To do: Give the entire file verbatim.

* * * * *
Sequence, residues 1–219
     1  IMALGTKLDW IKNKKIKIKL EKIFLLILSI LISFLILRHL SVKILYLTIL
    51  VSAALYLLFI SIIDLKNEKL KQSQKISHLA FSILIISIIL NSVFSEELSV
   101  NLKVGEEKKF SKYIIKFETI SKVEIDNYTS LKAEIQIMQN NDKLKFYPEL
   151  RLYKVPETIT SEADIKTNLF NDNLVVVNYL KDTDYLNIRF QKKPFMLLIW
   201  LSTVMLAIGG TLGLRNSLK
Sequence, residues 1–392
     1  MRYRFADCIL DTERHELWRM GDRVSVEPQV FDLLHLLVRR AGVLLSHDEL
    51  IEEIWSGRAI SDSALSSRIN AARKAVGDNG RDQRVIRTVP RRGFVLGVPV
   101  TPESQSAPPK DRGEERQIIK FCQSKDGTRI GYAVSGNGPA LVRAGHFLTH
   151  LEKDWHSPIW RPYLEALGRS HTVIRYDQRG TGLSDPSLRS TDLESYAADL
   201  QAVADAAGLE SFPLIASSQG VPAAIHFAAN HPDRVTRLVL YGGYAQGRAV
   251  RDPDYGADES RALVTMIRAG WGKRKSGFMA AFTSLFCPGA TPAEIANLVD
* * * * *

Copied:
Sequence, residues 1–219
     1  IMALGTKLDW IKNKKIKIKL EKIFLLILSI LISFLILRHL SVKILYLTIL
    51  VSAALYLLFI SIIDLKNEKL KQSQKISHLA FSILIISIIL NSVFSEELSV
   101  NLKVGEEKKF SKYIIKFETI SKVEIDNYTS LKAEIQIMQN NDKLKFYPEL
   151  RLYKVPETIT SEADIKTNLF NDNLVVVNYL KDTDYLNIRF QKKPFMLLIW
   201  LSTVMLAIGG TLGLRNSLK
Sequence, residues 1–392
     1  MRYRFADCIL DTERHELWRM GDRVSVEPQV FDLLHLLVRR AGVLLSHDEL
    51  IEEIWSGRAI SDSALSSRIN AARKAVGDNG RDQRVIRTVP RRGFVLGVPV
   101  TPESQSAPPK DRGEERQIIK FCQSKDGTRI GYAVSGNGPA LVRAGHFLTH
   151  LEKDWHSPIW RPYLEALGRS HTVIRYDQRG TGLSDPSLRS TDLESYAADL
   201  QAVADAAGLE SFPLIASSQG VPAAIHFAAN HPDRVTRLVL YGGYAQGRAV
   251  RDPDYGADES RALVTMIRAG WGKRKSGFMA AFTSLFCPGA TPAEIANLVD